The speed and enthusiasm with which two federal courts halted President Trump's latest travel executive order might suggest that the revised policy is as obviously problematic as the last, which was a sloppy rush job that the government poorly defended in court. In fact, the revised policy, while still more likely to harm than help national security, is legally far more defensible. Decades of precedent instruct judges to defer to the executive branch on immigration and national security matters such as this. It should surprise no one if the Supreme Court eventually allows the Trump administration to proceed.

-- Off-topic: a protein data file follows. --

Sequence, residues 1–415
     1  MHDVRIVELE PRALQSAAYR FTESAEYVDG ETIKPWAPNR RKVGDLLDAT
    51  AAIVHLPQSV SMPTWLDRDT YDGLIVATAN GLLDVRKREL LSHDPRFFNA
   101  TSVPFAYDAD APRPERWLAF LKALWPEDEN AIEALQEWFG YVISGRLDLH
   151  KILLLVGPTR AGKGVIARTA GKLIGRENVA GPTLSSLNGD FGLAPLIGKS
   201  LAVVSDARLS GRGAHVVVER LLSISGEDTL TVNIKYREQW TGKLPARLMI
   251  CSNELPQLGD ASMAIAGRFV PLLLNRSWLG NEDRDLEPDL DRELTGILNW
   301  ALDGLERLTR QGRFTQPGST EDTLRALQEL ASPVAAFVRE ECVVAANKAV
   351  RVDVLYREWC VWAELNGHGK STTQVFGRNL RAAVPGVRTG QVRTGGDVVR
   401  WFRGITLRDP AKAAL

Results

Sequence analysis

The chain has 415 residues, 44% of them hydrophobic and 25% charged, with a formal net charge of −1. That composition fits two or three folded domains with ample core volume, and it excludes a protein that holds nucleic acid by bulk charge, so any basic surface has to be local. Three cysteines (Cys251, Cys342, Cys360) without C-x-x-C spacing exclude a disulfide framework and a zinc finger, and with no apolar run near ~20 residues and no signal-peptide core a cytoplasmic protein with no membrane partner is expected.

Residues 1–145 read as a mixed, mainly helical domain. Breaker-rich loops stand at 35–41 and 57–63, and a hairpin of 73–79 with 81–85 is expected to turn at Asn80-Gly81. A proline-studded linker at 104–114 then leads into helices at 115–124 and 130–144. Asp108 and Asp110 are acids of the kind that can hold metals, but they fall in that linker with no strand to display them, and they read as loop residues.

Among other problems, Trump's first order essentially broke faith with foreigners who already had commitments from the government, violating their right to due process. In contrast, the revised order would not deny entry to lawful permanent residents or visa holders.
Two federal district court judges nevertheless blocked implementation of the new order this week, finding that it violates the First Amendment's establishment clause, which demands separation between church and state. Judge Derrick K. Watson relied on previous rulings that government actions "must have a primary secular purpose" as he rejected the national security rationale the Trump administration offered and concluded that Mr. Trump's transparent aim was "temporarily suspending the entry of Muslims." Watson used the president's previous calls for a Muslim ban, along with a variety of more recent statements from Trump associates, as evidence of Mr. Trump's discriminatory intent.